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What is Parallel System ?

Parallel systems improve processing and I/O speeds by using multiple CPUs and disks in parallel. Many operations are executed simultaneously.
There are two types of parallel machines :
  1. A Coarse-grain Parallel Machine : Which consists of a small number of powerful processors.
  2. A Massively Parallel or Fine-grain Machine : Which uses thousands of smaller processors.
Massively parallel computers are distinguished from the coarse-grain parallel machines by the degree of parallelism that they support.
Most high-end machines today offer some degree of course-grain parallelism. Two or four processor machines are common. Parallel computers with hundreds of CPUS are also available.

There are two main measures of performance of the database system.
  1. Throughput : The number of tasks/queries executed per unit amount of time leads to throughput. According to parallel system design point of view, throughput is always high.
  2. Response Time : Amount of time it takes to complete a single task from the time when it is submitted. This time should be minimal and its achievable if one uses parallel systems.
A system that processes large number of small transactions can improve throughput 11 processing many transactions in parallel.
A system that processes large transactions can improve response time as well as throupr t by performing subtasks of each transaction in parallel.

The two important issues in studying the parallelism are :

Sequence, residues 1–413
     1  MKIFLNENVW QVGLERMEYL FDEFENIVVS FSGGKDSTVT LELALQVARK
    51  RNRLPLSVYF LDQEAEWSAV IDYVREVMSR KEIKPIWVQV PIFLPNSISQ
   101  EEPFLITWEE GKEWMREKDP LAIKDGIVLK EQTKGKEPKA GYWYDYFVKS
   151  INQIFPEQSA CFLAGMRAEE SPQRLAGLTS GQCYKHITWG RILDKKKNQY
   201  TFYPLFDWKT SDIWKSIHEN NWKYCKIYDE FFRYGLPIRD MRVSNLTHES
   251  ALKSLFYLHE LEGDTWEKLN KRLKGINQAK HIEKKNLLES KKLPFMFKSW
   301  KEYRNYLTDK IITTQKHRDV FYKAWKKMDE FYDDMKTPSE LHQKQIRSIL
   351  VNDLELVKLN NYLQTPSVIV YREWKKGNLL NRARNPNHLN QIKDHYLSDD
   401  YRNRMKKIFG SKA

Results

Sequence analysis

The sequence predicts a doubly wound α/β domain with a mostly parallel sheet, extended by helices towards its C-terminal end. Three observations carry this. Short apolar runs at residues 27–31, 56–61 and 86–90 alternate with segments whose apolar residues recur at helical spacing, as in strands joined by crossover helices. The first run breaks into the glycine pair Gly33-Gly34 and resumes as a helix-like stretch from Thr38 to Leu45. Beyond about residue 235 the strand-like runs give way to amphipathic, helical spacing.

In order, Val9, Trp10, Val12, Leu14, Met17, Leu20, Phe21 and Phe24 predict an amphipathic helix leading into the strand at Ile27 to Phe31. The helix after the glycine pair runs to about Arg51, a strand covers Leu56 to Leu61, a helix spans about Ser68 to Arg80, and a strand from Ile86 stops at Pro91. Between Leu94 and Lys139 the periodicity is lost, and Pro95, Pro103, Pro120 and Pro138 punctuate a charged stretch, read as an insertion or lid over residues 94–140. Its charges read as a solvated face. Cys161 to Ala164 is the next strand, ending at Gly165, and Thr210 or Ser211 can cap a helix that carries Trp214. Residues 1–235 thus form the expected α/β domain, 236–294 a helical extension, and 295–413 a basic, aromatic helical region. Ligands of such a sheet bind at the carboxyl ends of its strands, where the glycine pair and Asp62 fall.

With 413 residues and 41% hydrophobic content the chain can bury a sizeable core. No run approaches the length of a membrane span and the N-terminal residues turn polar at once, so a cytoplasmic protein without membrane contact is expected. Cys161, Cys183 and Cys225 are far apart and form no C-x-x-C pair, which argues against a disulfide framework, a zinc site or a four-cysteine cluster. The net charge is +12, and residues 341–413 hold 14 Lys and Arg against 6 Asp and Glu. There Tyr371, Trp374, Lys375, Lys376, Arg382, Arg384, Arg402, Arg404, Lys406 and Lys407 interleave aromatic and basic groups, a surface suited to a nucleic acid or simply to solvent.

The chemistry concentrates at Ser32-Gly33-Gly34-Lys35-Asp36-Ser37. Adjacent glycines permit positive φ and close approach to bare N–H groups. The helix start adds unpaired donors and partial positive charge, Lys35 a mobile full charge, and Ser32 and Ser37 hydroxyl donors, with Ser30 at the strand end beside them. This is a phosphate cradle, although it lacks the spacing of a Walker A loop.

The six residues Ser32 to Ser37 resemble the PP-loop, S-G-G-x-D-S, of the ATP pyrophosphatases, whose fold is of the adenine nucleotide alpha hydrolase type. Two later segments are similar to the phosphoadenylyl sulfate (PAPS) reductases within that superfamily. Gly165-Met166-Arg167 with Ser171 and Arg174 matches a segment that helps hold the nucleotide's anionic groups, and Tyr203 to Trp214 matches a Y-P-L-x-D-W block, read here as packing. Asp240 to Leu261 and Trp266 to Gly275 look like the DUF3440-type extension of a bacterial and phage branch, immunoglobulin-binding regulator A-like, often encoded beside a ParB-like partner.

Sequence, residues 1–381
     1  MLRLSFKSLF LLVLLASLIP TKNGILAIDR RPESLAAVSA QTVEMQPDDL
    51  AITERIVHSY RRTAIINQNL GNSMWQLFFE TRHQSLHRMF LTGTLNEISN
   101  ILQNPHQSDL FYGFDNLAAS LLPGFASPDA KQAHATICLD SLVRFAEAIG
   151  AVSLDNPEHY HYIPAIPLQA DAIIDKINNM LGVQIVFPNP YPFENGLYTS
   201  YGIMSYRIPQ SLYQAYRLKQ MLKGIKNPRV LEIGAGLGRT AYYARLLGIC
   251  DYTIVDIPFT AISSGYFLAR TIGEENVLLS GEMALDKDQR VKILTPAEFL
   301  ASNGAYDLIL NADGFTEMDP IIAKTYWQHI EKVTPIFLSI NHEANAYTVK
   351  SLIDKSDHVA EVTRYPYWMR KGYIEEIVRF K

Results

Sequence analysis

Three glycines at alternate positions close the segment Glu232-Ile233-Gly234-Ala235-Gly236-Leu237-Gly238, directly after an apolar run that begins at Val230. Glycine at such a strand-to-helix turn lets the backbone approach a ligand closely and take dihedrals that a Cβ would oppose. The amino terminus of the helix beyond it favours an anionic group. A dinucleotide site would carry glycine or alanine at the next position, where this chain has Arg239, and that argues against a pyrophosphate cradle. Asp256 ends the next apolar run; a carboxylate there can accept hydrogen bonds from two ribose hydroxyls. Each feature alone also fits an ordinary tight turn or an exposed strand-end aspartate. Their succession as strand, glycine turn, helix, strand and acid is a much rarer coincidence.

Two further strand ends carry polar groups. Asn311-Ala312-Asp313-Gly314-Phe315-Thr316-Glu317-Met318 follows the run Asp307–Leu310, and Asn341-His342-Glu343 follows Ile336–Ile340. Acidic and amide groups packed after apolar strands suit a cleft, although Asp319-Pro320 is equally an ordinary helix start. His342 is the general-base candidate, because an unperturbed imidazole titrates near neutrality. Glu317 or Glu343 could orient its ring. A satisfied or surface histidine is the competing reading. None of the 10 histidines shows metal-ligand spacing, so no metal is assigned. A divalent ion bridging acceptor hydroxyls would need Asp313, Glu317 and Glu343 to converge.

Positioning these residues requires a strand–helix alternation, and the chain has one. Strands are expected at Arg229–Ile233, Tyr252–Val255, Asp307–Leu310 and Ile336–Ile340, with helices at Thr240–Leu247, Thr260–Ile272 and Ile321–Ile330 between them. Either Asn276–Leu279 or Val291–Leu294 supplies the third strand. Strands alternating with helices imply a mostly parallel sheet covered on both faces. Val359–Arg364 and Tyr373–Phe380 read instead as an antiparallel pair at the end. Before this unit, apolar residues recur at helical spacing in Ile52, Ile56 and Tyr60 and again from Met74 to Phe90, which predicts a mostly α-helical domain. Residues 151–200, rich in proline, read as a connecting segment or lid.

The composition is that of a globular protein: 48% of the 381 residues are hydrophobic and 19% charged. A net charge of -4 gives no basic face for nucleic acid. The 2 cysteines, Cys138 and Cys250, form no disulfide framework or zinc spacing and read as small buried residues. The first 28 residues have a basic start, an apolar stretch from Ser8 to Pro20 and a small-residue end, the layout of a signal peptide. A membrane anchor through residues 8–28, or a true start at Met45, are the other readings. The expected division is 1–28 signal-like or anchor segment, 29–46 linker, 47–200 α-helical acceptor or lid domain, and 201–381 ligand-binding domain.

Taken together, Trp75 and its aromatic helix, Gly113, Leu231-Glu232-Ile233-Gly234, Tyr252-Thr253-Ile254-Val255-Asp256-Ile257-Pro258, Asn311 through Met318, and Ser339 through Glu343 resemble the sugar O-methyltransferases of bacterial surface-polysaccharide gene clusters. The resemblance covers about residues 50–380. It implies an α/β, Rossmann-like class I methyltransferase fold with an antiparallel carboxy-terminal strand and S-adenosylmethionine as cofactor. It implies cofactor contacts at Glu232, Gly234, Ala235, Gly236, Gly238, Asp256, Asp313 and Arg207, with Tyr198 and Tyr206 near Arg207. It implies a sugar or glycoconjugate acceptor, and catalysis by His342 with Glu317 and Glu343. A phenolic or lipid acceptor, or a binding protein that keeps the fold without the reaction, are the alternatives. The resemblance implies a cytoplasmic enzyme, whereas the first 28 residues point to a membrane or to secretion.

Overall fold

1. Speed-up
  2. Scale-up.

1. Speed-up

speed-up refers to handling large number of tasks by increasing the degree of parallelism.
consider a database application running on a parallel system with certain number of processors and disks.
Suppose that we increase the size of the system by increasing the number of processors, disks and other components of the system.

Speed-Up With Increasing Resources.
Let the execution time of a task on the large machine is TL and that the execution time of the same task on the smaller machine is Ts.
The speed-up due to parallelism is defined as Ts/TL.
The parallel system demonstrate linear speed-up if the speed-up is N when the larger system has N times the resources of smaller system.
If the speed-up is less than N, system is said to demonstrate sublinear speed-up.

2. Scale-up

The scale-up refers to handling larger tasks by increasing the degree of parallelism. Let Q be a task and let QN be a task that is N times larger than Q.
Suppose that execution time of Q on a given machine Ms is Ts and the execution time of task QN on a parallel machine ML which is N times larger than Ms is TL.

The scale-up is defined as Ts/TL.
If Parallel system demonstrate-linear scale-up on task Q if TL = Ts.
If TL > Ts, the system is said to demonstrate sublinear scale-up.
Fig. 9.8 illustrates the linear and sublinear scale-up.

scale up with increasing Problem Size

There are two kinds of scale-up depending on how the size of the task is measured.
  1. Batch Scale-up
  2. Transaction Scale-up.